If you’ve spent any time reading about our move to the farm, you know we are focused on resiliency. We don’t need a lot of space, and we don’t need a lot of gadgets, but we want to make sure we and those we love can stay warm, dry, and well-fed whatever happens. And by and large, it’s working.
That’s why it was such a rude awakening, such an unwelcome event, when I turned on the hot water faucet Sunday about 4:00 am and got nothing. Not a sputter, not a rush of unheated water. Nothing. It was the coldest day yet of the season, about 21 degrees F, so I figured it must have something to do with the low temperature. My first thought – panic, really – was a fear that we had no water at all, that a water line from the well had frozen. But no, the cold water was running fine.
Deciding that I had more to gain than to lose by getting back under the covers, I returned to bed and thought. As I felt my body warming again, I analyzed the flow of hot water. Where did it diverge from the cold water, and where might it be freezing? I had a low level concern that the interior of the shop might be below freezing, so when I got up a few minutes later I fired up the kerosene heater in the shop just to make sure.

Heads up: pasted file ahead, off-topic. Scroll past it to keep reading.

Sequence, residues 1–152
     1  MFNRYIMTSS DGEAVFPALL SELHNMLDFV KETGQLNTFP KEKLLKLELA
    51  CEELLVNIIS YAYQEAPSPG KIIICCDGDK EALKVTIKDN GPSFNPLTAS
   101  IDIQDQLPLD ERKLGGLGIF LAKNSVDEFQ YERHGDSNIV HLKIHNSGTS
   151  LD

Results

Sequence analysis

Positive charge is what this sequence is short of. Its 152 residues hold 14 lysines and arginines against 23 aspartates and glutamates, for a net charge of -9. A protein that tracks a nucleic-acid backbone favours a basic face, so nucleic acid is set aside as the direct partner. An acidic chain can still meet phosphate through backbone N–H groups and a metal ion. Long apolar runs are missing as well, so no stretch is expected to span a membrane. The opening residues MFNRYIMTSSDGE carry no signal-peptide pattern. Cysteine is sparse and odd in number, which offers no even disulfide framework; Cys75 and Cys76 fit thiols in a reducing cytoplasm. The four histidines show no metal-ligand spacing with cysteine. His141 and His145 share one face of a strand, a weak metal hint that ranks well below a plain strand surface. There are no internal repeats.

Then it occurred to me. We hope to install, but haven’t yet installed, a batch solar water heater just south of the barn. In preparation for that installation, our plumber Tim Ledbetter installed a loop from the main water line out to that point south of the barn, then back again to the tankless water heater. The idea is that someday soon we hope to build a solar “pre-heater” that would warm the water before it ever makes it to the tankless water heater. Right now, though, that loop is just sitting there.
Hmmm. I went outside. Sure enough, there in the pre-dawn chill was the Pex loop, coming out of the ground and back under ground. The total exposed pipe was probably 6-8 inches long. I felt it, and it had no give at all. There was my culprit, a solid block of ice where water should be flowing.
I plugged in my dual halogen work lights (I remembered from the summer how much heat they put out) and trained them on the exposed loop. Then I went inside, turned the hot water on in the bathroom, and sat down to work. About 15 minutes later, I heard a trickle, then a rush, as the hot water began to flow. About 30 minutes later the sun began to rise, so I was glad to turn off the work lights.
By the time my bride was up, she had plenty of hot water. Later that afternoon, after church, lunch with Amanda’s Mom, and shopping in Montgomery, I dug up the garden around the exposed loop and buried it under about six inches of soil. In Alabama, I think that’s all we’ll need.
The hot water has been flowing fine since then.